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Stocks for the long run? History tells us equities aren't always king

February 2024

This article appeared in the Sunday Times on 18th February 2024

When Wharton Business School’s Jeremy Siegel published his influential book Stocks for the Long Run in 1994 the case for long-term investment in equities was cemented.

Looking back over nearly 200 years, Siegel found that historically US equities produced a real (after inflation) return of about 7% p.a. and an excess return over government bonds of about 3.5% p.a. He found the that the longer you held stocks, the lower the risk of a negative outcome and the higher the chances of outperforming bonds.

Since then holding equities at the core in multi-asset portfolios has become standard practice. Indeed, for investors with long time frames or high risk appetite, financial advisors might advise being almost exclusively invested in equities.  

It hasn’t always been this way. In the UK up until the 1950s pension funds tended to overweight bonds. That changed after George Ross Goobey took over the management of the Imperial tobacco fund in 1947. He correctly identified that stocks were cheap relative to bonds, moved the portfolio into equities and substantially outperformed peers. This sparked what became known as “the cult of the equity”.

Recently, Professor Edward McQuarrie of Santa Clara University has challenged the conventional wisdom again. In a research paper he re-examined the US data back to 1800, including  a more comprehensive data set than was available to Jeremy Siegel, and also the international evidence.

McQuarrie concludes that the case for consistent equity outperformance may not be as strong as previously assumed. Certainly stocks outperformed over the very long run but there were prolonged periods particularly in the 1800s in the US when this was not the case.

While the revised data is interesting, critics might question the relevance of equity returns in the 1800s for current markets. For much of the 1800s the US had an agrarian economy and it was only from 1870 as the Second Industrial Revolution took hold that economic growth really accelerated.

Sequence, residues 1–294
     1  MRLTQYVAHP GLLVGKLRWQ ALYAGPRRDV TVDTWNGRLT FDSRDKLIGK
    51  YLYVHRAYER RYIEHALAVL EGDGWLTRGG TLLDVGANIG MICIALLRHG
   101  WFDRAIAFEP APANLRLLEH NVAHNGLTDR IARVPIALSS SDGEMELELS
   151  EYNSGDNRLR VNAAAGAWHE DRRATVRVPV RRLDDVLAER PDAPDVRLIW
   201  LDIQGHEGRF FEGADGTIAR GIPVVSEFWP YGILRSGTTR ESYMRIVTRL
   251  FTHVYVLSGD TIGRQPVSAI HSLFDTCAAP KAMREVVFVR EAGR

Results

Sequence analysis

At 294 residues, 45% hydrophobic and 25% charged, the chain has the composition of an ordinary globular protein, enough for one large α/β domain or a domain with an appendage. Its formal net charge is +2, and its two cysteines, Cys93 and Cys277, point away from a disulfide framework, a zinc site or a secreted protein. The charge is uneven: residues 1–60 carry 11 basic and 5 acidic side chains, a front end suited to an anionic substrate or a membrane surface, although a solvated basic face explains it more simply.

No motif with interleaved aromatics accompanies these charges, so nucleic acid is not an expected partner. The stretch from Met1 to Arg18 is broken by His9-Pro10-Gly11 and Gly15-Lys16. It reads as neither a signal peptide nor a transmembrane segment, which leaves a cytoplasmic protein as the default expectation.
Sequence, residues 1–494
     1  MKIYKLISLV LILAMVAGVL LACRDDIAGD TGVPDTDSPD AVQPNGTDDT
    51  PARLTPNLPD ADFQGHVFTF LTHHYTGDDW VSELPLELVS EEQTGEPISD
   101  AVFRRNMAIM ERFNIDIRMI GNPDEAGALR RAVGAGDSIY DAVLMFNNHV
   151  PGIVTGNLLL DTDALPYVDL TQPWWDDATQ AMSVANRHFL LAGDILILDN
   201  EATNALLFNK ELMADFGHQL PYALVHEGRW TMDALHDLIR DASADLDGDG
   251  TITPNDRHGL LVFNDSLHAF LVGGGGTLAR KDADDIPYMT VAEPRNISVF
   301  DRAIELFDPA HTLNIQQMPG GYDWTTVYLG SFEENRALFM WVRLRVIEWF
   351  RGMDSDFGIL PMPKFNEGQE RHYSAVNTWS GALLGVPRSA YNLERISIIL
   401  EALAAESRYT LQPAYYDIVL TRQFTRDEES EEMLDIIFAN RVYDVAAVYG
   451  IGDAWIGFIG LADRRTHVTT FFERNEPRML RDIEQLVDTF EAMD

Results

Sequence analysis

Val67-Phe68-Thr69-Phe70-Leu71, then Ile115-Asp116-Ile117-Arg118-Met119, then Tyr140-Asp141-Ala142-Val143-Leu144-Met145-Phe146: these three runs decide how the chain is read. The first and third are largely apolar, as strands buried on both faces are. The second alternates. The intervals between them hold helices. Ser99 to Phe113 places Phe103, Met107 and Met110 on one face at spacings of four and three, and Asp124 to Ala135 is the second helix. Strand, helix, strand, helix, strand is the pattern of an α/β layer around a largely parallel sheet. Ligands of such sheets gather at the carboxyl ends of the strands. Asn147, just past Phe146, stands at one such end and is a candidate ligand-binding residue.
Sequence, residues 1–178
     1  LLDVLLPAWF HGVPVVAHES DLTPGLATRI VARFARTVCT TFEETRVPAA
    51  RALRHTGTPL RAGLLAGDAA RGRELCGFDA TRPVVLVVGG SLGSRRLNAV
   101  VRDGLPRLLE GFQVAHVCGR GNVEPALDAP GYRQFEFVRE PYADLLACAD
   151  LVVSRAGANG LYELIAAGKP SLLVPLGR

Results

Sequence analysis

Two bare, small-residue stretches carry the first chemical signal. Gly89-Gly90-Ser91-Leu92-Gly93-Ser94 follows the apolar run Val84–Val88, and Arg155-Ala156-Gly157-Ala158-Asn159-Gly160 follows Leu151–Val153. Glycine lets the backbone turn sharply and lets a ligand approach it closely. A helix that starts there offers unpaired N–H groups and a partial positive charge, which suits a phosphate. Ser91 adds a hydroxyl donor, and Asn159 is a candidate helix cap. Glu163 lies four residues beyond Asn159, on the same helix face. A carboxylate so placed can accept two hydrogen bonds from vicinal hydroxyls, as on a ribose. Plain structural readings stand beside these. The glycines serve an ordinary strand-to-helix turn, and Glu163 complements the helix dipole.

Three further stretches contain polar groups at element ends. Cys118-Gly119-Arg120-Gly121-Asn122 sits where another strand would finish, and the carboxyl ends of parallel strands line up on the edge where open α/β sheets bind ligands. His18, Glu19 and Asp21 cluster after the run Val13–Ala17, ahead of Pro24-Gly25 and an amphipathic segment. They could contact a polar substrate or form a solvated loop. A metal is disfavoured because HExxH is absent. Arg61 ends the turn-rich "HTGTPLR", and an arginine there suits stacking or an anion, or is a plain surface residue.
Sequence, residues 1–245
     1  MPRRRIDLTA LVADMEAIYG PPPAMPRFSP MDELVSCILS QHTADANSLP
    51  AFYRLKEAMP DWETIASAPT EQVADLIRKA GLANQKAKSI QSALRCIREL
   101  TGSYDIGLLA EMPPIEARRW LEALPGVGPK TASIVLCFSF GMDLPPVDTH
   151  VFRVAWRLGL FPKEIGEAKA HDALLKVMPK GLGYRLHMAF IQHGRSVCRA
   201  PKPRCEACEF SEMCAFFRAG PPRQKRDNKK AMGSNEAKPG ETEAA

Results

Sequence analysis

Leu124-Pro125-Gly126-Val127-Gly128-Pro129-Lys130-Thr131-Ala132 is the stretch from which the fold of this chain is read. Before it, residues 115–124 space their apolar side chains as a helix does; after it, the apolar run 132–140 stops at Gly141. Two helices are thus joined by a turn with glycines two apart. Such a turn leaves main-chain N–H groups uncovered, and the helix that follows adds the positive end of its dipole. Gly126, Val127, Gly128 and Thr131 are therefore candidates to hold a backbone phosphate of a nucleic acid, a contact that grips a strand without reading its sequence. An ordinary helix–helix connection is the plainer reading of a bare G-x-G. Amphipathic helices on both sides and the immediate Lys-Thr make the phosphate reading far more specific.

That said two aspects of McQuarrie’s analysis are worth noting. First, looking at the international data the evidence of consistent equity outperformance is somewhat less compelling. He highlights a number of multi-decade periods in various countries where equities delivered poor returns.

For example, after the bubble of the 1980s, Japanese equities generated negative real returns of about -5% per annum over the 20 years to 2009. In Italy in the 50 years to 2011 equities produced a negative real return of -0.5% p.a. and in Switzerland in the 30 years to 1991 equity returns annualised -0.8% per annum.

Much of the confidence in stocks for the long run stems from the strong performance of US equity markets. In fact, for the World ex USA, in the 50 years to 2023, equities just marginally outperformed bonds according to the Credit Suisse Investment Returns Yearbook.

Second, McQuarrie suggests rather averaging the returns since 1800, it may be prudent to consider that the economy goes through different regimes and this influences asset market returns. The regime between 1940 and 1980 in the US (with strong economic growth) was particularly favourable for stocks. The regime since 1980 (of declining inflation and interest rates) was favourable for both bonds and stocks. The regime prior to 1940 was less favourable for stocks.

The implication for investors and advisors is that rather than assuming that equities will always deliver better outcomes the longer the holding period, it may make sense to frame the asset allocation decision in terms of regimes – in a favourable regime stocks can be expected to outperform but we don’t know what the next 10, 20 or 50 years will look like.

From that perspective, it important to recognise that the economic regime in recent decades of  falling inflation and falling bonds yields has been particularly favourable for equities and bonds.

However, since 2020 inflation has picked up and the emerging trends of decarbonization, deglobalization, rising debt levels, shifting demographics and rising entitlement spending all now point to a changed and potentially more challenging regime in the years and decades ahead.

Although Alternative Intelligence could deliver enormous benefits for the economy in enhancing productivity in the coming decades, the magnitude and the timing of these effects are highly uncertain.  

All of that suggests the even for investors with long time horizons and/or strong risk appetite it still makes sense to think in terms of building a robust portfolio that might perform in various economic regimes rather than being heavily exposed to equity risk.   

To protect against higher inflation and a potentially more volatile macroeconomic backdrop in the coming years there is a solid case for gold, commodities, real assets (such as property) and active trading strategies in a diversified portfolio.  Equally although the prospective returns on bonds are lower than equities, bonds can help diversify the portfolio for the risk of deflation.

In sum, as we don’t know what the future will hold it makes sense to plan for multiple scenarios. That certainly includes holding a healthy allocation to equities for long-term investors but not at the exclusion of everything else.

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